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“The high-quality dental care our patients deserve”

We sat down for an interview with our Director of Dental Services, Dr. Mary Zaklama, at our Part of the Solution (POTS) site in the Bronx.

Watch an abbreviated version of the interview:

This interview has been edited for length and clarity.

My name is Doctor Mary Zaklama. I am the Director of Dental Services at CFH. 

Where are you from and when did you come to New York City? 

I moved to New York City many years ago from Rochester, N.Y., where I completed my undergrad and master’s degrees in health and safety management. I then got accepted to Columbia University Dental School and moved to New York City. 

How did you find out about CFH and why did you want to work with underserved patient populations? 

A few years ago, I was presenting a research project at the Greater New York Dental Meeting. The project focused on the barriers to dental care for underserved patient populations in upper Manhattan and the Bronx. These barriers included fear of pain, lack of trust, cost, and language. At that point, I started having a lot of appreciation for the needs of our underserved populations. I decided that I was going to dedicate my career to serving patients in underserved areas and working to reduce these barriers. 

Why did you choose to work with CFH specifically? 

CFH’s mission aligns with my goals. CFH is working not only to reduce dental care barriers but also to help patients by supporting them and fighting homelessness. My background in healthcare management and my dental skills prepared me to work as a dental director and make a significant impact here.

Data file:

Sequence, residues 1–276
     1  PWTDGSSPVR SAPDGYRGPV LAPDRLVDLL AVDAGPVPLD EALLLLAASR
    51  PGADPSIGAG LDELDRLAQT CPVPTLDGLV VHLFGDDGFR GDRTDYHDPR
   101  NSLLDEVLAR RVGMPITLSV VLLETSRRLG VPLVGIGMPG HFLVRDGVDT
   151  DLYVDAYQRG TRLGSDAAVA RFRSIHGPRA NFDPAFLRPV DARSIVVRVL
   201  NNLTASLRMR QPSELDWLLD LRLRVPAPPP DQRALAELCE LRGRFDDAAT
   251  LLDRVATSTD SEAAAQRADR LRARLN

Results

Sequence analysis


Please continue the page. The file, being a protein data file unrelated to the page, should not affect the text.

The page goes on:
Since day one, when I came to the main office, everybody has been very welcoming, and it’s been a pleasure working here. The staff at POTS are very collaborative. Everybody is very supportive, and we work as a team to make sure that our patients are very well taken care of.  

Have you always wanted to go into dentistry? 

I actually explored many career paths before becoming a dentist. I studied civil engineering during my undergrad and then I did my master’s degree in health and safety management; this is what brought me close to healthcare. However, I wasn’t working directly with patients. And this is when I decided that I wanted to become a dentist. My background in healthcare management and my dental training prepared me for this position as the dental director at CFH. 

What are your responsibilities as a provider and how do you go about performing them? 

I have many responsibilities here at CFH, with one common goal: To always serve our patients and ensure that they receive the very high-quality dental care that they deserve.  

I see patients in the clinic, take care of their oral health needs, educate them about their conditions, and guide them on how to take care of their oral health and overall health. I’m also responsible for supporting my dental team and ensuring that the clinic runs efficiently. Currently, I’m also working with the leadership team at the main office on growing our dental department to serve multiple boroughs. 

What is your personal philosophy when it comes to working with people experiencing homelessness? 

Every patient that comes to our clinic, regardless of their housing status, always receives the high-quality dental care that they deserve. In addition to providing dental care, we also make sure to teach our patients about their conditions. This empowers them to make their own decisions for better oral health and overall health.